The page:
Aortic valve surgery - minimally invasive
Blood flows out of your heart and into a large blood vessel called the aorta. The aortic valve separates the heart and aorta. The aortic valve opens so blood can flow out. It then closes to keep blood from returning to the heart.
You may need aortic valve surgery to replace the aortic valve in your heart if:
The aortic valve can be replaced using:
Mini-thoracotomy aortic valve replacement or repair; Cardiac valvular surgery; Mini-sternotomy; Robotically-assisted aortic valve replacement; Transcatheter aortic valve replacement; TAVR
Before your surgery, you will receive general anesthesia.
You will be asleep and pain-free.
There are several ways to do minimally invasive aortic valve surgery. Techniques include min-thoracotomy, min-sternotomy, robot-assisted surgery, and percutaneous surgery. To perform the different procedures:
You may need to be on a heart-lung machine for all of these surgeries.
When the aortic valve is too damaged for repair, a new valve is put in place. Your surgeon will remove your aortic valve and sew a new one into place. There are two main types of new valves:
Another technique is transcatheter aortic valve replacement (TAVR). TAVR aortic valve surgery can be done through a small incision made in the groin or the left chest. The replacement valve is passed into the blood vessel or the heart and moved up to the aortic valve. The catheter has a balloon on the end. The balloon is inflated to stretch the opening of the valve. This procedure is called percutaneous valvuloplasty and allows for a new valve to be placed in this spot. The surgeon then sends a catheter with an attached valve and detaches the valve to take the place of the damaged aortic valve. A biological valve is used for TAVR. You do not need to be on a heart-lung machine for this procedure.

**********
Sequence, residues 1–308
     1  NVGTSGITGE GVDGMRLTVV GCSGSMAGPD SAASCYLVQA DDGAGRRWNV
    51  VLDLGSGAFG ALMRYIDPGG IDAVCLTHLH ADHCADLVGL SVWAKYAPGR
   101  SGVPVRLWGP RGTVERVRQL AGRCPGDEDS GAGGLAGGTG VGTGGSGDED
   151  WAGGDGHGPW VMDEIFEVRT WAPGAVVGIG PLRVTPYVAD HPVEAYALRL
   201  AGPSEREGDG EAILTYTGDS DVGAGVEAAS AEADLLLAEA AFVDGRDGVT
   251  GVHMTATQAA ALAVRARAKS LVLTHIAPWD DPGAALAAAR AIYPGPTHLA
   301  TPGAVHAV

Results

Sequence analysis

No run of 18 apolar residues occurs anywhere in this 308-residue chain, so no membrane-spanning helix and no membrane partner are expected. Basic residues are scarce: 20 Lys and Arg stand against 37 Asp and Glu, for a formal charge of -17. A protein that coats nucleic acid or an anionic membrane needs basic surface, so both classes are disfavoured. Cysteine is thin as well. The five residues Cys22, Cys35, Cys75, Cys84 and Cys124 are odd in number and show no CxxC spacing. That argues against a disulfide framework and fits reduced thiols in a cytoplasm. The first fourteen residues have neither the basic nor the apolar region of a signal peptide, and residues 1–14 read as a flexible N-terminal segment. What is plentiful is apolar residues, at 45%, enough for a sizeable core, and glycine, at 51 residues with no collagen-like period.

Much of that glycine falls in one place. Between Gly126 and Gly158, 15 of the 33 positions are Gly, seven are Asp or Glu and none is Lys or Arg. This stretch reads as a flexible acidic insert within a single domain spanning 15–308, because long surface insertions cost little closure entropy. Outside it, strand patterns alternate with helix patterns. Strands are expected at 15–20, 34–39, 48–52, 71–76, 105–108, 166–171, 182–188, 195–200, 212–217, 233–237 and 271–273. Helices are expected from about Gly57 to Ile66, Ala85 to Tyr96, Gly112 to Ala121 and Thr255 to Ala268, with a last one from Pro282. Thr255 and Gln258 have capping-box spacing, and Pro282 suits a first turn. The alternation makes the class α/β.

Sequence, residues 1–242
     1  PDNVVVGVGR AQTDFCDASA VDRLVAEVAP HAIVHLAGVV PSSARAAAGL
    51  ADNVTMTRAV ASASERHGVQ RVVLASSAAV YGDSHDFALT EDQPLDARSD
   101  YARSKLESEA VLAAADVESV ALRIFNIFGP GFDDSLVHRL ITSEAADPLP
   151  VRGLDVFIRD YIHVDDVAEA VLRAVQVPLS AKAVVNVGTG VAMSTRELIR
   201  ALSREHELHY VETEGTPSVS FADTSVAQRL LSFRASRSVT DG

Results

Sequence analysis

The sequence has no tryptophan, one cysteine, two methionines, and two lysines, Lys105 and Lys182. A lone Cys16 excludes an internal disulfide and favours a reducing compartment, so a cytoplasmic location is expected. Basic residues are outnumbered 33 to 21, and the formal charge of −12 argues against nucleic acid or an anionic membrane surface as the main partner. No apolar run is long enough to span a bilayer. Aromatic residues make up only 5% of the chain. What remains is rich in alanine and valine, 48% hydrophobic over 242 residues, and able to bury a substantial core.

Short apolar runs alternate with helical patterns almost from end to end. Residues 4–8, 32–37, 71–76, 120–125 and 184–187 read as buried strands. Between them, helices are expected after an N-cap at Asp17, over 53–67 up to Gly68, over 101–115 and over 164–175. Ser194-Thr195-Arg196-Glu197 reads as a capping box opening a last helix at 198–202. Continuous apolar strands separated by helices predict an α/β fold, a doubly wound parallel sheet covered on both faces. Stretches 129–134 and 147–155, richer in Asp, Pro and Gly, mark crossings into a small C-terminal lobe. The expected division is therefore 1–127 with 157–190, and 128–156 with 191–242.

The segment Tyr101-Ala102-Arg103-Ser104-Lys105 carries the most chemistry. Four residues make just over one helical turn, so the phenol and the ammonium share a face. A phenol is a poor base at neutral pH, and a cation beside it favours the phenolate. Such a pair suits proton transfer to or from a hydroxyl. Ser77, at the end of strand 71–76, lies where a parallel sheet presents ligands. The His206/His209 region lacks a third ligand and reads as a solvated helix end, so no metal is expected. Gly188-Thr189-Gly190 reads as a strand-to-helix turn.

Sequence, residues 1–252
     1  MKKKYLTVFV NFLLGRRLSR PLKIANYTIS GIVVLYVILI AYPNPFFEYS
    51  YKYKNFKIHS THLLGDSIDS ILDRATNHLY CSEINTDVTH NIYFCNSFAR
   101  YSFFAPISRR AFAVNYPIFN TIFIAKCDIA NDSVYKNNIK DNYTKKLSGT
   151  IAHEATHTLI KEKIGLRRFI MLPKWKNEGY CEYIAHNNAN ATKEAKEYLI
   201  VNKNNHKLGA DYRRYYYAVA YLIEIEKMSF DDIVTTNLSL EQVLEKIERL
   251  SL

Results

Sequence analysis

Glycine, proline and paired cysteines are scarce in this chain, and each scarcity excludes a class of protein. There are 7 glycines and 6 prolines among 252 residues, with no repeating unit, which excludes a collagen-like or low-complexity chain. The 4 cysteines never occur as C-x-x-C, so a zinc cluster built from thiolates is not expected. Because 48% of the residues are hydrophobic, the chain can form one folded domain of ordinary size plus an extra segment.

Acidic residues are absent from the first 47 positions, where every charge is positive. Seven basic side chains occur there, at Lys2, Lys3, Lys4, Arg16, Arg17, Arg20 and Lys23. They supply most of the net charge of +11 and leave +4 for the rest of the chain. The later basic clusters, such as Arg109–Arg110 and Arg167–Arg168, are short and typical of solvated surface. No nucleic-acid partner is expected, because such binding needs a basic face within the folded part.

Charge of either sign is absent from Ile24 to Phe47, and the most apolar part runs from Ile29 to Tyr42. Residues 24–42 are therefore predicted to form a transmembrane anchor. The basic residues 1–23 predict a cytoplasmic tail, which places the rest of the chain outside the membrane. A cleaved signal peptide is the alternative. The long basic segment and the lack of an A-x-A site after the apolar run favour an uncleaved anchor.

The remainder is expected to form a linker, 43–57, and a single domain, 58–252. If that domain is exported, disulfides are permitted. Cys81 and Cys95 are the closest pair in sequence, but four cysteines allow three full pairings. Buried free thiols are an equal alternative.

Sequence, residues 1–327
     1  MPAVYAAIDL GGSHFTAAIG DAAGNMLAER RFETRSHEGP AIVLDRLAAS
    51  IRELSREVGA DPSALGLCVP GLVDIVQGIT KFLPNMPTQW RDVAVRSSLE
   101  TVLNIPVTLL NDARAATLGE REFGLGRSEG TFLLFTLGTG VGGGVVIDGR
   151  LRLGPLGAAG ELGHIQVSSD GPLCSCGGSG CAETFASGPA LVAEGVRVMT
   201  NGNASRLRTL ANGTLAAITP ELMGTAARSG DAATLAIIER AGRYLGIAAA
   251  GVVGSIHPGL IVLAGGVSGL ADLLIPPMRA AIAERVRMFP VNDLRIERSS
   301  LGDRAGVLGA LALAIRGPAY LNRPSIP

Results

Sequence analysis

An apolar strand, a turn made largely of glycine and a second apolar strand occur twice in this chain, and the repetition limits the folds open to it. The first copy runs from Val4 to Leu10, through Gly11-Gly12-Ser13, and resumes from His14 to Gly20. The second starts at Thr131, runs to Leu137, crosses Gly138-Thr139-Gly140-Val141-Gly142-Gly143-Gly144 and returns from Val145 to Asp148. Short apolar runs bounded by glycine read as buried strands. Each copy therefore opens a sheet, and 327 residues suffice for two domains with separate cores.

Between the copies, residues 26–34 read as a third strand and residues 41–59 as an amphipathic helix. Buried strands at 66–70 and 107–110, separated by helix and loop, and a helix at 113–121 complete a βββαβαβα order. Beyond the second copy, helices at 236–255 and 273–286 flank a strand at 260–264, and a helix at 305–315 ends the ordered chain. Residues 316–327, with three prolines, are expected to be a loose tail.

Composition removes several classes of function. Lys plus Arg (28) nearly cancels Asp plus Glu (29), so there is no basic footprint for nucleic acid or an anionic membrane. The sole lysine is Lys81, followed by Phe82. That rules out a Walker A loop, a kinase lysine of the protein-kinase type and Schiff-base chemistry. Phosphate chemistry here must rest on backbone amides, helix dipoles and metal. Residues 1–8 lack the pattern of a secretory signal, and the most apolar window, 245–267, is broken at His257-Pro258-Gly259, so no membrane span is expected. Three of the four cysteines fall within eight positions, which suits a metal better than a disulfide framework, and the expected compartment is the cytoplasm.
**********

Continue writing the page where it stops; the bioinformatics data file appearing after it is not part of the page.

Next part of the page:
In some cases, you will have coronary artery bypass surgery (CABG), or surgery to replace part of the aorta at the same time.
Once the new valve is working, your surgeon will:
The surgery can take 3 to 6 hours, however, a TAVR procedure is often shorter.
Why the Procedure Is Performed
Aortic valve surgery is done when the valve does not work properly. Surgery may be done for these reasons:
A minimally invasive procedure can have many benefits. There is less pain, blood loss, and risk for infection. You will also recover faster than you would from open heart surgery.
Percutaneous valvuloplasty and catheter-based valve replacement such as TAVR are done only in people who are too sick or at very high risk for major heart surgery. The results of percutaneous valvuloplasty are not long-lasting.
Risks of any surgery are:
Other risks vary by the person's age. Some of these risks are:
Before the Procedure
Always tell your health care provider:
You may be able to store blood in the blood bank for transfusions during and after your surgery. Ask your provider about how you and your family members can donate blood.
For the week before surgery, you may be asked to stop taking medicines that make it harder for your blood to clot. These might cause increased bleeding during the surgery.